Thursday, March 12, 2009

Bad Debt, Good Debt, Best Debt? How About...NO DEBT!!!

Debt seems to be something on a lot of people's minds these days, with many thinking about taking on additional obligations due to the low interest environment we're in. Others are more worried about eliminating debt, concerned with the downward trend in the overall economy. Either way attitudes toward borrowing money are changing, so I thought an examination of debt might be of some interest.

Leaving aside the question of the bigger economic picture for the moment, debt can be divided into three basic categories: Bad, Good and Best.

Bad debt is easy to identify, with the degree of "badness" determined by the interest rate. Bad debt can be categorized as any money borrowed for the purchase of something that will decline in value over time. A prime example would be a car loan. Fully financing the purchase of a $25,000 automobile results in an immediate loss of about 10%...within five years the vehicle is worth maybe $10,000 if you're lucky. High interest credit card balances are obviously the worst, with the purchases often related to goods and services with zero residual value.

Good debt by contrast relates to borrowing for the purchase of things that will increase in value over the years. The best example is of course a home purchase. Home ownership is a common goal in Canadian society, and one which makes a lot of sense. It costs money to occupy a residence regardless of whether you rent or why not have that occupancy cost go towards building equity. For many people their home represents their greatest source of wealth, and a retiree with a paid off mortgage has a number of options available should the need for capital arise.

Best debt is a concept that will probably be foreign to some. Like good debt it relates to the borrowing of money for purchases which will increase in value...but with a kicker. With best debt the commodity being purchased qualifies the borrower to write-off the interest expense on the loan. For specifics you need to talk to a financial advisor, but it typically relates to the purchasing of equities such as stocks or even mutual funds.

You may have heard ads talking about 'the tax free mortgage', which relates directly to the concept of 'best debt'. As an example, a person who inherits $25,000 could use the money to pay down a mortgage, then turn around and leverage against the equity in the home to invest in the market...with the interest payments on the loan being tax deductible.

Now that I've covered off the three basic kinds of debt, its important to get a gauge of the general economy. For the overwhelming majority of people, (excepting those who were around in the 1930's) an inflationary environment has been the norm. Inflation encourages people to spend, because over time the money in our pockets decreases in value. Looking for a new car? The one you want will likely cost more next year, and if not next year then certainly the year after that.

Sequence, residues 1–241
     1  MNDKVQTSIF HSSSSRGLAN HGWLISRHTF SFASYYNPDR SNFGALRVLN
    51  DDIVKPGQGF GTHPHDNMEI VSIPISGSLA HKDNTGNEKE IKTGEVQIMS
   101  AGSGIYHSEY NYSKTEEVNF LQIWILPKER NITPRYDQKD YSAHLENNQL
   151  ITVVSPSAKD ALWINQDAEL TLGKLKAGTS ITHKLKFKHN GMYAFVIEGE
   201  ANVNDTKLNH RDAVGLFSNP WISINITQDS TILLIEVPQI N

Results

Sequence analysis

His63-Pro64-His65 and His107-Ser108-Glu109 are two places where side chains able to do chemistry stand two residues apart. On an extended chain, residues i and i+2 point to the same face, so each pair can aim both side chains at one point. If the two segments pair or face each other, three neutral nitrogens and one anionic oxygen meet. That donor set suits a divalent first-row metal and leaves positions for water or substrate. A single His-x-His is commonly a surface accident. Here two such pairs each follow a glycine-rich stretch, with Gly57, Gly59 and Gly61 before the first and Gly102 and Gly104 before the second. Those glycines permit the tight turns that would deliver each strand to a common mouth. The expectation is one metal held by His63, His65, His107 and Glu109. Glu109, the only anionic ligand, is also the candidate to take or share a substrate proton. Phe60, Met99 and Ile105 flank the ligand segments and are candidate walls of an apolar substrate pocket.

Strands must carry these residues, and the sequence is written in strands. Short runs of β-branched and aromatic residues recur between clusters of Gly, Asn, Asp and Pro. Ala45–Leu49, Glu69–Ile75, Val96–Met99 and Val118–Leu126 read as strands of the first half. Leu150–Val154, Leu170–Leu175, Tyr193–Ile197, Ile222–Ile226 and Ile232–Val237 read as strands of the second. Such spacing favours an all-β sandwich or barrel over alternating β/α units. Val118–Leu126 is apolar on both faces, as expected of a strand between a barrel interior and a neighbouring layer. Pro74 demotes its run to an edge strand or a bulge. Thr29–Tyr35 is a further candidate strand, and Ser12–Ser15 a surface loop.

While inflation may scare people, its actually a sign of a healthy encourages the circulation of money, which in turn creates wealth. We've been seeing public sector unions negotiate some pretty sweet contracts recently, in spite of the downturn in the economy. Part of the rationale is an effort by governments to stave off deflation, which is far more devastating to the economy than inflation.

Deflation is something being talked about more and more, and while our gut reaction may be..."Hey GREAT!!! Things are getting cheaper!" it is something we should actually fear. Falling prices discourage economic activity, and decreased economic activity leads to a spiral of job losses. When people fear for their jobs, and when prices are dropping...people hang on to their cash. While prices are dropping the value of the coin in your pocket actually inflates, its an inverse relationship. That $100 bill in your pocket will be worth more next week or next year than it is right now, so hang on to it.

So now its time to look at our crystal balls, tea leaves...or to consult the trusty Magic 8 Ball. If you're of the opinion that the economy is going to continue struggling for some time, then it isn't a question of bad versus good versus best debt. In periods of deflation the best option is NO DEBT.

Almost every expert and guru out there...they're all predicting that we'll eventually see things turn around and that growth with return to the economy. The question though is when. I know there are people out there anxious to jump in while prices are depressed, with an eye toward catching the bottom and quite possibly making a killing, be it in the stock market or with a home purchase.

I am going to suggest that the best strategy right now is to eliminate as much debt as possible, and/or saving as much as possible. That way when the ultimate decision is made to invest, the need to borrow will be, if not least reduced. One might decide that now is that time, and I wouldn't disparage anyone bold enough to make that call. But if the money being used to dive into the market is borrowed, and if this deflationary cycle continues...then there's serious potential for dire results to one's net worth.

The bull is hiding right now, hopefully he won't be away too long.

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